HSJ Insight and Influence: The Department of Health consultation to expand CQC’s rating powers

Topics covered: Ridouts professional advice

The Department of Health has recently opened a public consultation on whether to extend CQC’s powers to inspect and rate additional sectors that it regulates.

After the Mid Staffordshire Public Inquiry, CQC’s Ofsted-style ratings system was introduced for hospitals in England and Wales in April 2014, in the Government’s commitment to make “hospital performance more transparent and easier to understand through a clear system of ratings”.  CQC’s ratings system was extended to the social care sector and GP practices shortly afterwards in October 2014.

The Department of Health has said that there is now a case to apply performance ratings to other sectors regulated by CQC.  In identifying to which sectors to extend CQC’s rating and inspection powers, the Department of Health has considered whether the application of ratings to additional sectors would be of value to users and commissioners, whether there is a need or benefit to the sector and whether CQC would have the capacity to fulfil a ratings function in respect of the proposed sectors.

The additional sectors being proposed for inclusion in the ratings systems are:

  • Independent community health service providers
  • Cosmetic surgery providers
  • Independent ambulance services
  • Independent dialysis units
  • Refractive eye surgery providers
  • Substance misuse centres
  • Termination of pregnancy services

The general rationale for extending CQC’s ratings powers would be to ensure consistency in the availability of information about providers in those sectors, to provide fuller information on the safety and quality of service provided and assist in service user choice.  Despite being an obvious sector to be brought under CQC’s ratings remit, dentists have not been included in the present consultation.

Weaknesses in CQC’s current ratings system

Before CQC’s rating system is extended to further sectors, CQC should reflect upon and rectify deficiencies in its current rating system.

CQC’s ratings system replaced CQC’s former system of essential standards of quality and safety, in which CQC would assess whether providers were compliant with the 28 essential standards and assess the degree of risk, if any, that was posed to service users in respect of each essential standard.  CQC now awards the ratings of outstanding, good, requires improvement and inadequate ratings to health and social care providers across five key questions (whether the service is safe, effective, caring, responsive and well-led).  Providers are then awarded an overall rating which is aggregated from the five key questions.

CQC’s ratings system has revealed itself to be a blunt instrument and a crude form of categorisation which is not based on compliance.  One of its core deficiencies is the opaque gap between the ratings of ‘good’ and ‘requires improvement’, with no clear demarcation of where compliance falls between the two ratings.  Furthermore, providers who are found to have an overall rating of ‘inadequate’ face significant repercussions by being placed directly into special measures.  If a service that has been placed into special measures receives a ratings of inadequate in any key question at the inspection six months after being placed into special measures, CQC will begin the process of taking action to prevent the provider from operating the service.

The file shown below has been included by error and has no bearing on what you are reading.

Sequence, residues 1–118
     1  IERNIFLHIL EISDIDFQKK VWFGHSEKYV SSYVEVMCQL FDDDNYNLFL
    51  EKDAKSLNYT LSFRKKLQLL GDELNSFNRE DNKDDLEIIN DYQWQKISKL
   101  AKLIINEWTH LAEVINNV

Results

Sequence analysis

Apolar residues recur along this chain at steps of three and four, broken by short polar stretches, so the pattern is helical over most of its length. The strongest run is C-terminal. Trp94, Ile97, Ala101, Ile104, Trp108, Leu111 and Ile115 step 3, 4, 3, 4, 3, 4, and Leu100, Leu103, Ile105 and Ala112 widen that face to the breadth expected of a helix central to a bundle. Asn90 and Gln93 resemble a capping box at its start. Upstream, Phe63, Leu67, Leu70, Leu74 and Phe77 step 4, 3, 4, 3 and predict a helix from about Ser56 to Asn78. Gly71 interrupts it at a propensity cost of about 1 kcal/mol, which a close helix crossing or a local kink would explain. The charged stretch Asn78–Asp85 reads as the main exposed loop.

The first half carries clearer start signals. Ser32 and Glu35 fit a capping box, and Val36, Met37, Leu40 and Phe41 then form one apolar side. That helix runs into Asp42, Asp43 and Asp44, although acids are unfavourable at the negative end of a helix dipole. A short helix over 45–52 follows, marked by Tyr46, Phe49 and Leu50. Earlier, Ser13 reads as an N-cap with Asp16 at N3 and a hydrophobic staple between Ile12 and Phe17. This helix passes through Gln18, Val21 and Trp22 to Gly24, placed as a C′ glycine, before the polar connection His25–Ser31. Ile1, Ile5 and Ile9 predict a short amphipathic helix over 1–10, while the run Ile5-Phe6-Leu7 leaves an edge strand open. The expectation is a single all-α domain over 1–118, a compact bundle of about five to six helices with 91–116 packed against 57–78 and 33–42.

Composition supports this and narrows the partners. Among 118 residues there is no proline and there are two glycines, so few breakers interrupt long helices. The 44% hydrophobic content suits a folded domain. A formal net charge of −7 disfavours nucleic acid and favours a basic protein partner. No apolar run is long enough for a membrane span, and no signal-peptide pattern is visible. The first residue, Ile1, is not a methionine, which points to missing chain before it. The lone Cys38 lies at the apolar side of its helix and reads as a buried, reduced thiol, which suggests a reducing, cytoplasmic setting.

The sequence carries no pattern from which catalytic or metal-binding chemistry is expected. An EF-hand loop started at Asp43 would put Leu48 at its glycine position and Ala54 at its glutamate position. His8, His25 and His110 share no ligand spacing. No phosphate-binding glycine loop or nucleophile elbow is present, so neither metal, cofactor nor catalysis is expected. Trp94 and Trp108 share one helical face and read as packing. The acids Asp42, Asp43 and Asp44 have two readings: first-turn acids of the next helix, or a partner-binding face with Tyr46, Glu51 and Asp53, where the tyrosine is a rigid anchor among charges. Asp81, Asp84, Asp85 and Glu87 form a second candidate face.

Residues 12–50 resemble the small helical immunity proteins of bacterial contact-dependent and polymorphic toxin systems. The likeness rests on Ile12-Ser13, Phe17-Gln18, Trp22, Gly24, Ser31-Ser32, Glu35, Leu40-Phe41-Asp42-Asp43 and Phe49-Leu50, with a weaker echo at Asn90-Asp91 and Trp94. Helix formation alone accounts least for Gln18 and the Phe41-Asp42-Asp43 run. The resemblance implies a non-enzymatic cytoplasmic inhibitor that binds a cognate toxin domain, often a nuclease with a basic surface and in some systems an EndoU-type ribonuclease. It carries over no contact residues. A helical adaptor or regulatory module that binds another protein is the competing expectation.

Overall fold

A further weakness in the current ratings system is CQC’s ratings review process.  CQC has to date limited a provider’s ability to challenge its inspection findings by stipulating that it will only consider factual accuracy challenges to the draft inspection report through its narrow factual accuracy process, which must be completed within 10 days of the provider receiving the draft report.  Only once an inspection report has been published will CQC permit a provider to request a review of the ratings awarded.  Ratings reviews are extraordinarily difficult to secure on the basis that CQC will only permit a review of ratings if the provider can demonstrate that CQC did not follow its own procedure in rating and aggregating its findings in accordance with CQC’s own guidelines.

The rigid and narrow channels through which providers can challenge CQC’s inspection findings means that it is very important that providers challenge CQC’s inspection reports at the factual accuracy stage to secure changes to both the facts and ratings awarded.  The recent High Court case of The Queen (on the application of SSP Health Limited) v Care Quality Commission has redressed some of the power imbalance between CQC and providers in relation to the factual accuracy process.  Mrs Justice Andrews stated “The whole point of affording an inspected entity the opportunity to make factual corrections is to produce a final report that is based, so far as is possible, on accurate and balanced fact findings.  This was the only opportunity to put the record straight.”


Greater regulation of the sectors which are the subject of this public consultation, particularly in light of Sir Bruce Keogh’s 2013 report which highlighted the risks of an under-regulated cosmetic industry, should be a very positive development to assist service user choice and protect the public who use these services.  The failings in CQC’s rating process must however be rectified if CQC’s ratings are to be a fair and correct reflection of the services they rate.

The Department of Health’s consultation will close on 14 October 2016.

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